Packers, Murphy strictly worrying about wins, not money

GREEN BAY, Wis. — It’s been a busy and productive year for Green Bay Packers president Mark Murphy and the rest of the team’s executives.

Setting the franchise’s all-time record for profit in 2012 of $43 million — in addition to $64 million raised in the recent stock sale — has allowed Murphy and the Packers to be able to accomplish all of their goals. The most important of those was having the money to afford to make quarterback Aaron Rodgers the highest-paid player in NFL history, while also signing outside linebacker Clay Matthews to a $66 million extension this offseason.

“We want all decisions to be football decisions, not financial decisions,” Murphy told “I think making sure we have the resources available (is important) so they can make decisions based strictly on football reasons. That was really big for the organization.

“To have arguably the best offensive player and the best defensive player in the league locked up long-term is really good for the organization, so I think we all feel really pleased we were able to get that done.”

Without the huge profit margin last year, Murphy still wouldn’t have been too concerned about the team’s financial flexibility to dish out such huge sums of cash. But, for a team owned by the community that doesn’t have a rich Jerry Jones type of owner in place, it does add increased challenges when planning how to spend tens of millions of dollars in a short period of time.

“This goes back years, we’ve set aside money in the Packers Preservation Fund for any emergency that may come up, but also to make sure that we can continue to be competitive,” Murphy said. “Whether that be investing in our players, or, the big thing we’re doing obviously, is investing in the stadium and investing in the community.

“For us, there’s not a profit motive. So, for us, if we can put money back and invest money back into the organization or into the community, that’s the equivalent of what other teams do in terms of paying salaries to owners or executives.”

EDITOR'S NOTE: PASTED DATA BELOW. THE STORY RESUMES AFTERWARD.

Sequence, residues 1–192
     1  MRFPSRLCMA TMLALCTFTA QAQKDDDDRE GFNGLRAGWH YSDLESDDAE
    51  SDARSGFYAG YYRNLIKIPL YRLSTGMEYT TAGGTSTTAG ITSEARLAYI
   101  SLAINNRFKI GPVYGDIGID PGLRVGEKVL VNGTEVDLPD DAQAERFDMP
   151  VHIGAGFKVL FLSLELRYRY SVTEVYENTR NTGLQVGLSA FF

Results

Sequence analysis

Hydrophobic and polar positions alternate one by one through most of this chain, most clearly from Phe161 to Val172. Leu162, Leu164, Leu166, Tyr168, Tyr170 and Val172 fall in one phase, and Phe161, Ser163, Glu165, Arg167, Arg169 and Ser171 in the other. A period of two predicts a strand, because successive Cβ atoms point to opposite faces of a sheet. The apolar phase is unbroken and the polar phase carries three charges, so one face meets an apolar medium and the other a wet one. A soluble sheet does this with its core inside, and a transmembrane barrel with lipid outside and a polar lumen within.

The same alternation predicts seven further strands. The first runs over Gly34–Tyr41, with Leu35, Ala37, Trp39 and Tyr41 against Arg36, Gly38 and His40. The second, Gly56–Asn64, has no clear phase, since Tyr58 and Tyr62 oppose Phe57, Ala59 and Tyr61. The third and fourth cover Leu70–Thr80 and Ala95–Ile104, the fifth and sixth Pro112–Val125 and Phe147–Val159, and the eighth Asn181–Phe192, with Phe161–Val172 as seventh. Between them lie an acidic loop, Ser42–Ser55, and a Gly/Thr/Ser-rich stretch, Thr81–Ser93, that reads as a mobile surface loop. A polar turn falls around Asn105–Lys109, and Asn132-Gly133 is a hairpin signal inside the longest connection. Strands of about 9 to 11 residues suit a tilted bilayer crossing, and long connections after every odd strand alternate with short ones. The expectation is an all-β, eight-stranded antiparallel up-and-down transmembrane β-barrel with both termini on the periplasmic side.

The stadium investments, as Murphy mentioned, has the Packers midway through a four-year, $286.5 million expansion project of Lambeau Field.

Though Murphy has been able to check off several major items from his agenda recently, he wants to make sure that he and his staff are looking for more ways to keep improving different aspects of the franchise.

“You always have to remain vigilant in making sure you’re doing everything you can, so that, number one, the fans have a great experience and that we remain competitive,” Murphy said. “I think the next thing where you’ll start to see some changes is in the whole concept of Titletown; some development around the stadium.

“It’ll help the Packers if we’re able to get more people to come into Green Bay. Those people will go to the Pro Shop and take tours of the stadium, but I think it’s really a way for us to invest in the community.”

Murphy is currently an active part of the community on a week-long trek across the state with the Packers Tailgate Tour. Joined by current players Randall Cobb, Alex Green and Jarrett Bush, as well as retired players Santana Dotson, Frank Winters and Aaron Taylor, Murphy is the nightly emcee for the sixth consecutive year.

“It’s one of the few times when I have a direct connection with our fans, which we get periodically, but really for five straight days you get it here,” Murphy said. “Going across the state, it gives you a good feel for what the fans are thinking and the kind of support we get.

“For me, though, the other real treat is to spend an extended period with our players. And now that we’ve added retired players (two years ago), to spend time with them.

“I really enjoy seeing the interaction between current and former players. Usually at the beginning of the week they’re on opposite ends of the bus. And then, as the week goes on, they end up realizing they have a lot in common.”

The first night of the 2013 Tailgate Tour in Oshkosh was in front of a sold-out crowd of 650 screaming Packers fans. The $30,000 that was raised for that one night of the tour all went to the Christine Ann Domestic Abuse Services foundation.

Murphy and the six players also made surprise stops Tuesday at the Children’s Hospital of Wisconsin in Neenah, Denmark High School and Nestle Pizza Division.

Other groups that will benefit on different nights of the Tailgate Tour are Beloit Regional Hospice, Camp Albrect Acres, Tomah Area Cancer Support and Opportunity Development Center, Inc.

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